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I can agree with you here but then you lose it.  You question the legitimacy of the current Scottish government.

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You question because the SNP has a majority of seats in the Scottish Parliament but with less than 50% of the vote and then you question more by saying the turnout was 50%. 

Tom, do you want to turn the clock back to the 1979 referendum’s 40% rule where those who didn’t vote were deemed to have voted ‘No’? 

With that 45.4% and 44.0% of the Scottish vote (constituency and regional list) the SNP gained 53% of the seats whereas the Labour party (with 31% and 26%) gained 28% of the  seats. [Source

But let’s look at the Labour vote in Scotland in UK elections. I looked at all elections going back to 1970.  The only occasion that the Labour party got more than 45.4% was in 1997 (with 45.7) but how closely did the number of seats reflect the votes cast.  This doesn’t look good for your case, Tom!

 

Year %age Vote %age Seats %age
Turnout
2010 42 69 64
2005 39 69 61
2001 43 78 58
1997 45.6 78 71

 

Hey Tom, if you question the SNP’s legitimacy I’d expect you to damn these results which show gross over-representation of the Labour party. 

Do you?

Don’t be silly!

Guardian6B 20140424

[highlighting is mine]

Huh!  A blatant untruth!

You buried yourself there, Tom.  A bit of honesty, just a wee bit of honesty, was needed but you couldn’t do it.  When honesty is lost, credibility is lost too.

You’re not honest, Tom!

You’re not credible, Tom!

 

But then most of the No campaign would suit the same description.

Music in the Morning No. 339 – The Roches

 

Maggie, Terry and Suzzy bring you their lovely harmonies.  I found them in the mid-70s only to lose them for almost 40 years.  Here they are  but note the audio is very hissy.

Hammond Song                                                                     The Roches

 

Different!   But really, really good.

Monday, 21 April 2014

Music in the Morning No. 338 – 5 Hand Reel

 

This morning I bring you a powerful Scots ballad, ‘The Bonnie Earl o’ Moray’,  which is believed to date from the 17th century.  5 Hand Reel, including Dick Gaughan, produce a magical performance.

 

I’ve appended the words after the video but if you want chapter and verse on the Bonnie Earl then please visit Murder Ballad Monday which has an excellent article on ‘The King, the Queen, her lover and his death - The Bonnie Earl of Moray’.

 

 

The Bonnie Earl o’ Moray                                                         5 Hand Reel

 

The Bonnie Earl o’ Moray

Ye Hielans and ye Lawlans
O whaur hae ye been
Thae hae slain the Earl o' Moray
And they've laid him on the green
He wis a braw callant
An' he played at the ba'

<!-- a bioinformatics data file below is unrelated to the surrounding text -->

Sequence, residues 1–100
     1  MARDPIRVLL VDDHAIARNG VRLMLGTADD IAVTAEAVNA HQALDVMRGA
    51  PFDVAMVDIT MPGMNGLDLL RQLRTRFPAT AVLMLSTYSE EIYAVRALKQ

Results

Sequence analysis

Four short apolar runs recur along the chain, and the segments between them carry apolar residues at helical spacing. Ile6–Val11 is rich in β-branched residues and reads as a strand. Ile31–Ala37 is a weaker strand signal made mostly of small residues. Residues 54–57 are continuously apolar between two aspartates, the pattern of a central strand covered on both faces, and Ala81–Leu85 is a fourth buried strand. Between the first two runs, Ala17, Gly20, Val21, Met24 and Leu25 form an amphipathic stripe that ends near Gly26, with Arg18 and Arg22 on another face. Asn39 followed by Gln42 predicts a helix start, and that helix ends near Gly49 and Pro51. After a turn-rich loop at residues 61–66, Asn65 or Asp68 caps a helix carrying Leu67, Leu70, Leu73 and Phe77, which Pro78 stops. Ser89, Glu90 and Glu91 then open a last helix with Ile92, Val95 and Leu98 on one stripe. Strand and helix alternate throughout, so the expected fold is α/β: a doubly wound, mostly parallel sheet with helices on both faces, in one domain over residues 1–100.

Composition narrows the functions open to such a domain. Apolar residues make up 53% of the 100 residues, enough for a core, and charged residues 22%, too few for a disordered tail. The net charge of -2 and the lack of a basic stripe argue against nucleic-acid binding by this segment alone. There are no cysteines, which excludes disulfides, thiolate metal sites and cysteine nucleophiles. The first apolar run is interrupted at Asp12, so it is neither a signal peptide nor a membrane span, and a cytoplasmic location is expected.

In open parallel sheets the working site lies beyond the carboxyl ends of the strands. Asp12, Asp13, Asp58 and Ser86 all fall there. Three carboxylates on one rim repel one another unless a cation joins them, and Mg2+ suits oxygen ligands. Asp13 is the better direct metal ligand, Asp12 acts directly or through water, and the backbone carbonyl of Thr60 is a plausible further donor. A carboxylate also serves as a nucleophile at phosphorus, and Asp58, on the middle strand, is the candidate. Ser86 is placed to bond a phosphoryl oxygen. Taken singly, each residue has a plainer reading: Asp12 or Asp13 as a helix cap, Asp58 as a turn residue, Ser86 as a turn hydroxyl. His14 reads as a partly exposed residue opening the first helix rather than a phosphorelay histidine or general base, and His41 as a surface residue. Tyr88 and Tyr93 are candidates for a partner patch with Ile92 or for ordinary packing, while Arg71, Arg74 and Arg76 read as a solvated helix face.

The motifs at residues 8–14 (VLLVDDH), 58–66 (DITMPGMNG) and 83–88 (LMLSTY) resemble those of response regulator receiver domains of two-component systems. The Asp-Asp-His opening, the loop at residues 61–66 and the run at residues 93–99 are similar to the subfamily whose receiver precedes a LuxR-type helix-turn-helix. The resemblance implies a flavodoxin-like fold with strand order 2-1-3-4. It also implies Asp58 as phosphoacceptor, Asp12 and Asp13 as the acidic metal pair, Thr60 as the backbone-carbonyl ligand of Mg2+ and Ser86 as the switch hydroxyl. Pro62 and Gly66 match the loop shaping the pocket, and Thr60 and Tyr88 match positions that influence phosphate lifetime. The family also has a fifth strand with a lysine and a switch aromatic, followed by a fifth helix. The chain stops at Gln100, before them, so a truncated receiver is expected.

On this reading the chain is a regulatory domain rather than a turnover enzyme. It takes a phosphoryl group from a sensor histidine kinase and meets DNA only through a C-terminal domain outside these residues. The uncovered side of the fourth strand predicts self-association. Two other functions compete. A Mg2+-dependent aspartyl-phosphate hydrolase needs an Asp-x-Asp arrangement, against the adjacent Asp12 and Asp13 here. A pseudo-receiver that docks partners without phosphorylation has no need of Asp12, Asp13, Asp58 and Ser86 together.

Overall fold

O the bonnie Earl o' Moray
He wis the flo'er among them a'
An' lang may his ladie
Look ower frae Castle Doune
Ere she sees the Earl o' Moray
Come soundin through the toun

O woe betide ye Huntly
And whaurfore did ye say
O a bade ye bring him tae me
But forbade ye him tae slay
He wis a braw callant
And he played at the ring
O the bonnie Earl o’ Moray
He micht hae bin a king
Lang may his ladie
Look ower frae Castle Doune
Ere she sees the Earl o' Moray
Come soundin through the toun

Ye Hielans and ye Lawlans
O whaur hae ye been
Aye they've slain the Earl o' Moray
And they've laid him on the green
He wis a braw callant
An' he played at the glove
Aye the bonnie Earl o Moray
He wis the Queen's true love
An' lang may his ladie
Look ower frae Castle Doune
Ere she sees the Earl o' Moray
Come soundin through the toun

 

Sunday, 20 April 2014

Music in the Morning No. 337 - Praise the Lord

 

Lift up your hearts this Easter Sunday morning to the glorious words of John Wesley.

 

Christ The Lord Is Risen Today        Choir of King’s College, Cambridge

Saturday, 19 April 2014

Music in the Morning No. 336 – Rob Ickes

 

Top picking greets you this morning with top dobro player, Rob Ickes, with Andy Leftwich on mandolin.

Angeline the Baker                                                                       Rob Ickes

 

My fingers are sore just thinking about what’s involved in this.

Friday, 18 April 2014

Archer Should Bow Out

 

I’ve read so many trashy anti-independence articles but I’ve just come across one which is off the scale.  Graeme Archer writes, I exaggerate his skills, in tonight’s online Telegraph here.

In the article, Archer describes himself as a commentator and in his profile as a professional statistician.  Stick to statistics, Graeme.  Any commentator who claims as you do that,

Telegraph3A 20140418

is either ignorant or deliberately telling lies. 

Which is it, Graeme?   Do tell us but not in another article: that would be too much.

You use “nationalist” pejoratively.  That’s standard practice for those who favour the retention of the union but you’re a nationalist too, just for a different country.  Your nation is the UK.  From your ‘writing’ you feel as strongly about your nation as Alex Salmond, and I use him only because you do, does for his.

I have no problem with your being a UK nationalist but I do have a problem that you don’t accept that you are a nationalist.  It’s strange that, isn’t it Graeme, that those who favour the union don’t see themselves as nationalists.